Individual Development, Career Development, and Improving a School Professional Development Plan Based on the Principles of Human Resource Development

Posted: February 1, 2007 in Education, Human Resource Development

*The following article does not present the “Appendix” items referred to in the body of the text. Contact the site administrator for more information.


Gilley, Eggland, and Gilley identify four components of human resource development (HRD): individual development, career development, performance management, and organizational development (Gilley, Eggland, & Gilley, 2002, p. 13). This paper focuses on and describes individual and career development information presented by Gilley, et al., identifies the need for ethical practice in organizations particularly in relation to professional development, examines research on the relationship between professional development and student achievement, and proposes changes and reforms to a current school professional development plan.

Individual Development

Individual development encompasses many aspects of a person’s life. In human resource development, individual development is a key component to the success of any organization. “Individual development refers to the development of new knowledge, skills, and improved behaviors that result in performance enhancement or improvement related to one’s current job (training)” (Gilley, et al., p. 14). Gilley, et al. further state, “individual development focuses on the importance of personal growth and development through formal and informal learning activities” (p. 27). These learning activities are generally designed by human resource development professionals to influence and make a difference in an organization (Gilley, et al., p. 29).

Managing Development

Some organizations, like public schools, may not have the luxury of access to human resource development professionals; however, the principles of human resource development can be applied via managers such as building level administrators to assist individuals in reaching their potential. An example of a human resource development professional in a school district can fall under the responsibilities of the director of instruction and/or curriculum coordinator. In any case, human resource development professionals are held responsible for learning, but managers are those that are held accountable for improving employee performance (Gilley et al., p. 31). Gilley, et al. believe “that organizations should hold responsible for implementing the learning process individuals who conduct employee performance reviews, confront poor performance, ensure employee performance and productivity, answer for employee productivity declines, or account for organizational failures to meet goals and objectives” (p. 32). Hence, managers/administrators should carry the charge of implementing and maintaining individual development. This charge does not necessarily mean administrators should focus on individuals overcoming their weaknesses.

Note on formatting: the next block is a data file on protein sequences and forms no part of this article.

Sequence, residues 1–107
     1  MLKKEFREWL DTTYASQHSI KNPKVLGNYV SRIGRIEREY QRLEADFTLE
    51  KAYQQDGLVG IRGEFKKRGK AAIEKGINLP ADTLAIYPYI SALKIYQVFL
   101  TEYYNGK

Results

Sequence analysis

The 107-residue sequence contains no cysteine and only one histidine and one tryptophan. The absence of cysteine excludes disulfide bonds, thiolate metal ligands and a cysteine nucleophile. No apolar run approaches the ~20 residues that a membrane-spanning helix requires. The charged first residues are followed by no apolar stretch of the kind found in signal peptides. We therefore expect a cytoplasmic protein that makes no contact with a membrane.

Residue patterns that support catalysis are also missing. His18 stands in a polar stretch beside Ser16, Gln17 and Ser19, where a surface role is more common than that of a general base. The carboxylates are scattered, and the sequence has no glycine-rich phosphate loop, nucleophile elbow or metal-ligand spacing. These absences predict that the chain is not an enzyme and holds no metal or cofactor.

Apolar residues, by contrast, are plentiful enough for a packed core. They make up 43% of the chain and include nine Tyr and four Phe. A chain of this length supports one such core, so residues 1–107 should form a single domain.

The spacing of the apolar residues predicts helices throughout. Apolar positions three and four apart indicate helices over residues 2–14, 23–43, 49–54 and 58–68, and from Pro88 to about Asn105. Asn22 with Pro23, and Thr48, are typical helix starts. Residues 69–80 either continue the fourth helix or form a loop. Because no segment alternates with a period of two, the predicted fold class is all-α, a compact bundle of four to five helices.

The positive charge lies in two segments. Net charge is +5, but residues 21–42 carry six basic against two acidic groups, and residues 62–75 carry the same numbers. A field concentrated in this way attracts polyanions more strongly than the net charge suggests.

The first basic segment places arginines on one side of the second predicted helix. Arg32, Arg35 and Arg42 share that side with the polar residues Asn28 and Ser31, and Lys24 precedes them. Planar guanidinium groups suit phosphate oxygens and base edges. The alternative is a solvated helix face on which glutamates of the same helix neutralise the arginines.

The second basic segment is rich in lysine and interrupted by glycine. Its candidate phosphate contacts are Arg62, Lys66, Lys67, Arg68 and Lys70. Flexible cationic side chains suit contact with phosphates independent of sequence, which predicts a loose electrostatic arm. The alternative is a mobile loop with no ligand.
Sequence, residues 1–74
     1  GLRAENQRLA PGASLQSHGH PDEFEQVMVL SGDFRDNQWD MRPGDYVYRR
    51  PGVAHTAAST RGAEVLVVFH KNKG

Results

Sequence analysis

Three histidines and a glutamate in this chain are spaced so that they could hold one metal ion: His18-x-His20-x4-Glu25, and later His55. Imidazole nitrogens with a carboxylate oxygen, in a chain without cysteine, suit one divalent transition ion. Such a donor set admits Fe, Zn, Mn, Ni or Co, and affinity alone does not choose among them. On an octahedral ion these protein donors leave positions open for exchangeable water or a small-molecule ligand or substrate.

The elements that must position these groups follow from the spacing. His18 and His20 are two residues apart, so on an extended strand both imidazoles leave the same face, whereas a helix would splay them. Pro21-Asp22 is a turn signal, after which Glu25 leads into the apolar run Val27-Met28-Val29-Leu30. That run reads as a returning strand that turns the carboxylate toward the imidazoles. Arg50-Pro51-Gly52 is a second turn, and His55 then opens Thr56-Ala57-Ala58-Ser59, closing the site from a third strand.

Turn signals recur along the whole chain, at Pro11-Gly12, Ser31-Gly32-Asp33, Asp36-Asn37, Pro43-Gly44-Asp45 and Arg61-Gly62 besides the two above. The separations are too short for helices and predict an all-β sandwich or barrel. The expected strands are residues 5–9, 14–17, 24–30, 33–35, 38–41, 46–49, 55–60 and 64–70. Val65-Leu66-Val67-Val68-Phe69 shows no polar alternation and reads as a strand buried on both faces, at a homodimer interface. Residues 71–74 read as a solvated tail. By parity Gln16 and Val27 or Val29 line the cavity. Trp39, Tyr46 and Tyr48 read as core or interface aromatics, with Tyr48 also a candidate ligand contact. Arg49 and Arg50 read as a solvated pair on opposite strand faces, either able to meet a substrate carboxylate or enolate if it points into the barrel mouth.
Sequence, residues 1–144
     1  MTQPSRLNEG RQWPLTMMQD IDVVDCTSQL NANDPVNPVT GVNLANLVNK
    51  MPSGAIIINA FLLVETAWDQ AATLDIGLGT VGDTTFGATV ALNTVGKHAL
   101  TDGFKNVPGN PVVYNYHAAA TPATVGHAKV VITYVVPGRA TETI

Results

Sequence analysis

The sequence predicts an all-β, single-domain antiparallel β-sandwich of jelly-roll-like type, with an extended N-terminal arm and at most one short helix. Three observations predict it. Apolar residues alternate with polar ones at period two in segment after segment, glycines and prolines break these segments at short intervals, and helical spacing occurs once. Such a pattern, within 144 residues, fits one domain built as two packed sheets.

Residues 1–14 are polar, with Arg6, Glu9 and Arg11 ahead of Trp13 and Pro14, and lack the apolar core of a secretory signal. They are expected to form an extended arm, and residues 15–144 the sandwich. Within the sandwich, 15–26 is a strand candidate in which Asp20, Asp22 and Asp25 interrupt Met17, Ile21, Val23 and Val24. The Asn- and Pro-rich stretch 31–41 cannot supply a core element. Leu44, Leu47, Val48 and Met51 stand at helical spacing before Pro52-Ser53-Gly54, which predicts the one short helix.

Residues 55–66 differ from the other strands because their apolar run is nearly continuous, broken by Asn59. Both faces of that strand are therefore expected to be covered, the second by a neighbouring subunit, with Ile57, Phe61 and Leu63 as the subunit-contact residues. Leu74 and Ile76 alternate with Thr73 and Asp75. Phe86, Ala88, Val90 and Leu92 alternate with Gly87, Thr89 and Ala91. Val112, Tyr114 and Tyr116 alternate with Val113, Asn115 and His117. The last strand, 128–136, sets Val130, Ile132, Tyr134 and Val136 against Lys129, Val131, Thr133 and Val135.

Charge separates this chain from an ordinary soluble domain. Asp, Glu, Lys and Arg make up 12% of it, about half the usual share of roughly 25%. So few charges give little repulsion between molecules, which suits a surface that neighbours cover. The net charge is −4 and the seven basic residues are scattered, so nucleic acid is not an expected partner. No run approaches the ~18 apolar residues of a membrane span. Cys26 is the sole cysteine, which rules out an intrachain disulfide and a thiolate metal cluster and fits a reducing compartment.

Building Strengths

Gilley, et al. warn, “…firms mistakenly believe that “fixing” weaknesses will make employees more productive in the short or long term” (p. 37). Furthermore, Gilley, et al. point out, “One problem with developmental strategies within organizations is that they are in the business of fixing employees rather than discovering their uniqueness and the things they do well” (p. 37). Building on strengths serves as a focus that shifts the attention of trying to fix weaknesses to building strengths and managing weaknesses (Gilley, et al, p. 37). It is paramount that human resource development professionals, managers, and employees identify and analyze individual strengths and build on them.

Clifton and Nelson identify four particular characteristics that identify individual strengths: internal burnings, high satisfaction levels, rapid learning, and performance zones (Gilley, et al., pp. 37-38). Internal burnings are a passion or desire for something; high satisfaction levels are attained via completing tasks or activities; rapid learning is a strength tied to something that comes easily or is learned quickly; and performance zones equal “excellent performance without any conscious awareness of the steps involved” (Gilley, et al, pp. 37-38). It is suggested that these characteristics be used to create a master list of strengths and then managers and employees identify one strength to be developed (Gilley, et al. p. 38). Managers then encourage the employee to improve their strength via repeated practice and reflection, whereby reflection serves as an opportunity to “uncover new meaning that leads to renewal” (Gilley, et al., p. 38). Through a systematic approach weaknesses can also be managed.